09
Sep
19

South Yorkshire police commit to improved responses to wildlife crime

Last month we blogged about how Stephen Watson, the Chief Constable of South Yorkshire Police, had come under increasing pressure to improve his Force’s responses to reports of wildlife crime in the region following a number of failures to deal with raptor persecution incidents including the poisoning and shooting of protected species.

[Peregrine photo by Bertie Gregory]

Criticism of the Force’s approach to wildlife crime had come from various groups including the Sheffield & Rotherham Wildlife Trust and the RSPB, supported by Supt Nick Lyall, Chair of the Raptor Persecution Priority Delivery Group.

There was a meeting between all parties in July 2019 which offered an opportunity for a frank exchange of views and Chief Constable Watson was told of the perception that South Yorkshire Police ‘are not interested or active in tackling wildlife crime as there is a conflict of interest between the officers leading on wildlife crime and their personal involvement in the shooting industry‘.

In August Liz Ballard (Chief Exec, Sheffield & Rotherham Wildlife Trust) and Mark Thomas (RSPB Investigations) wrote an open letter to Chief Constable Watson to follow up on several action points from the July meeting.

As a result, the Wildlife Trust is reporting a number of ‘encouraging replies’ from Chief Inspector Mark James, South Yorkshire Police’s lead for Wildlife and Rural Crime. Commitments have been made to complete a systems review of wildlife crime reporting and responses, participation in this month’s Operation Owl UK awareness-raising weekend, and an invitation to the Wildlife Trust to attend the South Yorkshire Police wildlife crime conference in October, amongst other things.

Liz Ballard said: “Inevitably, we will only know if the commitments and improvements proposed have had any affect when local people and organisations tell us they feel they are being listened to and getting the right response from the police, and when the statistics show an increase in the reporting of wildlife crime and an appropriate result. The Trusts offers our support to South Yorkshire Police and we hope they will become a leading Force for tackling wildlife crime.”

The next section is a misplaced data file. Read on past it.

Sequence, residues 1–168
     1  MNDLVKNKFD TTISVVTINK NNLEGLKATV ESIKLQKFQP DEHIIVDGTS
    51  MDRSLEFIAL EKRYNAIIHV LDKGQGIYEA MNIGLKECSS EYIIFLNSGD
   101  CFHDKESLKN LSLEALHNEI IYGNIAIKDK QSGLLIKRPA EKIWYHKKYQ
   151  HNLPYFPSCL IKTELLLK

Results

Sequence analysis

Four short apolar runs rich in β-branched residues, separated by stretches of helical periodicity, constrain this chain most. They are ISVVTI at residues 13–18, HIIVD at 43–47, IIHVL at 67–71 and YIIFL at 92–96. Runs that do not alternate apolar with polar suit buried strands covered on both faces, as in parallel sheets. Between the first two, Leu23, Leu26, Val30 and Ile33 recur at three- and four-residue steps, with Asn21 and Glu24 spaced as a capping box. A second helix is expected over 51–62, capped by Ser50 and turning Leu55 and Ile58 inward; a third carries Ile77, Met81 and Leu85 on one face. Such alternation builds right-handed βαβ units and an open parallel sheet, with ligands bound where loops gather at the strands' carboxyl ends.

This appears to be a good response to criticism by South Yorkshire Police – let’s hope they can deliver. Well done Liz Ballard and colleagues, and Mark Thomas and Supt Nick Lyall for holding this police force to account.


5 Responses to “South Yorkshire police commit to improved responses to wildlife crime”


  1. 1 crypticmirror
    September 9, 2019 at 3:06 pm

    Are they committing to attempting to give a shit, as an improvement over not even pretending to?

  2. 2 Simon Tucker
    September 9, 2019 at 4:20 pm

    Fine words butter no parsnips: sick of seeing the promises, want to see not just action but results!

  3. 3 Bob Berzins
    September 9, 2019 at 5:51 pm

    I went along with a Labour Councillor to meet South Yorks PCC in mid August and Ch Insp Mark James attended. SYP were reluctant to acknowledge there was any raptor persecution on grouse moors and it was clear there would be no investigation of incidents like the disappearance of Hen Harrier Octavia in Aug 2018. If effective policing is supposed to be intelligence led, there was absolutely no sign of this for wildlife crime in South Yorks. But maybe this meeting and the one you describe have made them realise the public has lost trust in this police force and they do have to take notice of that. Any improvements will be most welcome.

    • September 9, 2019 at 5:53 pm

      Thanks, Bob, for your efforts & for reporting here.

    • 5 GE
      September 10, 2019 at 12:01 pm

      “SYP were reluctant to acknowledge there was any raptor persecution on grouse moors”

      Utterly disgraceful behaviour. In effect, they are in denial of science and reality. How on earth can the public have faith in such an out of touch police department? Did they offer up any rationale behind why they held that view?


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